The dreaded weekend has come. The end of summer. A cacophony (strictly speaking a ‘murder’) of crows announced it this morning.
Oh, sure, we can assure ourselves that September can be the best of summer still, but that’s bravado, positive thinking gone rogue. Realistically, we know the light is failing. Vegetable gardens started telling us that weeks ago. Here at least, at 43.7° N. where the squash and cucumber vines have died back and the tomatoes are refusing to ripen. I can no longer count on light at 6 a.m. and the evening moves faster into night.
There were more swallows than ever sweeping across the sky two evenings ago, as they fatten up to cross the big lake and leave these shores. This evening, they may be gone. And it doesn’t help that I know they will come back to Capistrano on March 19th next year. It’s at 33° N and the swallows take another 40 days to get here.
Autumnal, that’s the word. ‘An early autumn walks the land/ And chills the breeze/And touches with her hand/The summer trees….’ etc. ( Courtesy Johnny Mercer) I would say it is all the more affecting because I am in the autumn of my life, but that would be false. The autumn of my life, I glimpse only in the rear view mirror. While I sometimes question how many more springs there are left, I never ask how many falls.
This weekend, the skies above are rent by low flying fighter jets, as the annual air show gets underway. While there are those who love the thrill of a group of jets roaring just above rooftop, I am not one of them, although I admit there is no need for coffee and the pumping adrenaline more than offsets the weary wintery-ness of age.
In the spirit of the occasion, let us consider Labour Day weekends past. Here in at 43.7° N., school begins on the Tuesday after Labour Day now as it did over 70 years ago when I started. My mother and I had planned that I would wear my sailor dress, light blue with a navy blue sailor’s collar and a narrow red stripe, and she would walk with me, holding my hand and teach me how to cross the street in our little town. The best laid plans and all that. Turned out my mother was far away in a maternity ward of the hospital that morning when I woke up. I was outraged. How could she? I was fed breakfast by my cousin next door and towed unwillingly to school by the grade 3-er across the street. Very early indeed, in case her friends saw her with my lowly grade 1-self, sailor dress or not.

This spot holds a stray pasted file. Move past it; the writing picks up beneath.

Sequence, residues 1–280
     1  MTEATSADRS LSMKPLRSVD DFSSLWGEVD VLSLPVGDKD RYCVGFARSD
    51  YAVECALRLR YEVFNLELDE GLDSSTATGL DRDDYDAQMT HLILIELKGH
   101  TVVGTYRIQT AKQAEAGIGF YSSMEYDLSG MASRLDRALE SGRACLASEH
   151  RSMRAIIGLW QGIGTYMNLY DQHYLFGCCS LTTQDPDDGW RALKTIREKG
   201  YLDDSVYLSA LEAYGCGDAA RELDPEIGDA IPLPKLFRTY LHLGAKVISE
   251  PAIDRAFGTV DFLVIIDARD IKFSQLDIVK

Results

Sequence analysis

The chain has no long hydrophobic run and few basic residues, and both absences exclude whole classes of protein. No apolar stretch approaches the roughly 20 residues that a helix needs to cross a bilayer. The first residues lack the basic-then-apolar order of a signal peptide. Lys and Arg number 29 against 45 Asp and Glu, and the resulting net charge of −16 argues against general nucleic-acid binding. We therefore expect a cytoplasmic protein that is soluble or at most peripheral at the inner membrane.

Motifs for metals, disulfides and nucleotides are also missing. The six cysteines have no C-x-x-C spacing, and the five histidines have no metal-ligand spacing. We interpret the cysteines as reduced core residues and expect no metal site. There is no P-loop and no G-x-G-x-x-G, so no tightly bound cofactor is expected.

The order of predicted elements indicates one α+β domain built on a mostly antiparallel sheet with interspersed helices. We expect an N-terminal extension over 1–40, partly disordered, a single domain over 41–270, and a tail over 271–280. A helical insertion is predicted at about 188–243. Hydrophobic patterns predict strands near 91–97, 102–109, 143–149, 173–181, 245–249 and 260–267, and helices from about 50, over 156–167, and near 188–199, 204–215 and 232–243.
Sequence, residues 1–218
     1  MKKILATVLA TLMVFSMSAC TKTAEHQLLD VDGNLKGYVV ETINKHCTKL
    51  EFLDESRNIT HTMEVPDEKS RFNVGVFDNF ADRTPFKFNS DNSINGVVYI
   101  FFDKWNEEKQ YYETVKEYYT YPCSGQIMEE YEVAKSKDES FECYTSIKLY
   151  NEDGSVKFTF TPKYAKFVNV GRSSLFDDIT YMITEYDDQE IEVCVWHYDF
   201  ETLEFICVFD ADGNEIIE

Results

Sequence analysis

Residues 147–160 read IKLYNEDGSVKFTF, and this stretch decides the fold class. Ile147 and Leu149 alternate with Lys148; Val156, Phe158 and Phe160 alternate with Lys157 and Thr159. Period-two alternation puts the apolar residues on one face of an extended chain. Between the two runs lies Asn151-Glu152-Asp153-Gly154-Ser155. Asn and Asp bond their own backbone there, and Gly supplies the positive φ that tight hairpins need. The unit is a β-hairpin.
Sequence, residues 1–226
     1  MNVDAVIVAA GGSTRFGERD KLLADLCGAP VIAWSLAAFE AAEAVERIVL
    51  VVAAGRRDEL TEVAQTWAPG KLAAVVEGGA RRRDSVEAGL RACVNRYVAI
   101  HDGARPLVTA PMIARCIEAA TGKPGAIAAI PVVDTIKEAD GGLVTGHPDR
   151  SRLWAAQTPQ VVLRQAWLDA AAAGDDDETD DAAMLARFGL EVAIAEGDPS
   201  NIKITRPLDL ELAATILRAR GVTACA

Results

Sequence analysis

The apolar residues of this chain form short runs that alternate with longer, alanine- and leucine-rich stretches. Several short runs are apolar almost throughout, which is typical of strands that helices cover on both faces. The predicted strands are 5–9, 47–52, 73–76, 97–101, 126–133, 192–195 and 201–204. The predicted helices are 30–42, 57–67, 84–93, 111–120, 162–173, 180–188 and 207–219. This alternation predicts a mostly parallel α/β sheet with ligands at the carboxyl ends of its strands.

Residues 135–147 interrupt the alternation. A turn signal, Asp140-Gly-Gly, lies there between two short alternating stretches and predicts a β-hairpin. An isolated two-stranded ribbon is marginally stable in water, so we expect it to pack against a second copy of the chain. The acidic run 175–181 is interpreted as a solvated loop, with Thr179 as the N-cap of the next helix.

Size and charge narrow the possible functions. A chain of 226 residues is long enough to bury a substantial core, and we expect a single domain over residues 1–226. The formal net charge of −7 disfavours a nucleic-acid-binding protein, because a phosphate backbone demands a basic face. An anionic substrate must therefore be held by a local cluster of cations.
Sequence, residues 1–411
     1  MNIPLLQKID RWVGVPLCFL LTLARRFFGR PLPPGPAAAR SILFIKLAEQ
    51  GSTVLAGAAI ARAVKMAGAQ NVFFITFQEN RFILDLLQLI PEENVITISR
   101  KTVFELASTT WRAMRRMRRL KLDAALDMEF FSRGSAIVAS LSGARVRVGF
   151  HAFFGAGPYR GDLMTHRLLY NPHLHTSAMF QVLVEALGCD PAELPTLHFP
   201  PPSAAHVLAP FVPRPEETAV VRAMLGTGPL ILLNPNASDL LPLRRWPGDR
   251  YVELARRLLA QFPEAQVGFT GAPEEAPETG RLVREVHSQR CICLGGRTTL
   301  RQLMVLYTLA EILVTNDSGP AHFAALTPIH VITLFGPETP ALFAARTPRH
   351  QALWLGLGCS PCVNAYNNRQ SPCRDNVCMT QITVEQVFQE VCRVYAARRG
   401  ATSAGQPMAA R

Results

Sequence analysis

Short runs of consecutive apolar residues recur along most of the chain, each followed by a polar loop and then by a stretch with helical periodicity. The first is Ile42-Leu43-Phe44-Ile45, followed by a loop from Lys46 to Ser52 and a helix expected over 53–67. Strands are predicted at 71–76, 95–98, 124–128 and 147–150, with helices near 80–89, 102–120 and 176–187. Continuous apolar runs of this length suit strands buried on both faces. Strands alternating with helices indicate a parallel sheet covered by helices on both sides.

The upside of this was that every Labour Day thereafter I got to celebrate my sister’s birthday. In addition, my mother’s betrayal led me to bond with Miss Graham, my teacher, to such an extent that I continued returning to school for the next 50 years, as student and teacher.
The year that I gave that up going back to school the day after Labour Day was so traumatic that I could deal with it only by setting out to drive across the continent to Los Angeles. Crossing the border in my heavy laden Tercel I was knocked sideways by the American border guard. (Metaphorically that is.) He was worried about whether I had green apples and where my ex-husband was at the moment. No and don’t know. He successfully banished all first-day-of-school nostalgia quite out of my head.
Driving across the continent by yourself takes a while, the sun streaming in through the driver’s side window, day after day. Mind boggled by the wide rivers and the deep canyons and the endless oppressive desert. Terrified of falling asleep at the wheel, of taking a wrong turn on a freeway. My expensive car phone without service most of the time. Then just so tired, I had to hole up and sleep in a well air-conditioned ‘better’ motel where the furniture wasn’t bolted to the floor. When I finally emerged and drove down off the Santa Monica Freeway to glimpse the Pacific, I had left my school self behind. But what did I discover in my daughter’s house? No not green apples! My ex-husband! Just what the border guard feared. A reconstitution of a family separated for 15 years for the purpose of defrauding the U.S. government. Somehow.
This year, I have other plans. My sister and I are going to return to the mountains of Quebec’s Eastern Townships where we were born. Her birthday treat. Not that there is family there any more. Well, maybe one. Eighty eight he’d be, if still extant. And the old house we loved isn’t tidy and white any more. The barn is just a heap, a mound of earth where the ramp to the haymow was. My grandfather’s fields, cleared with such killing effort, have been put back to trees. Unbelievably, actually planted with trees! You can barely see our slope-shouldered mountain for the woods. Nevertheless, we will drive the gravel roads and breathe the spruce air and feel our native earth beneath our feet.
And these two one-upon-a-time teachers will take solace in an excellent hotel on Lake Massawippi where the furniture is definitely not bolted to the floor.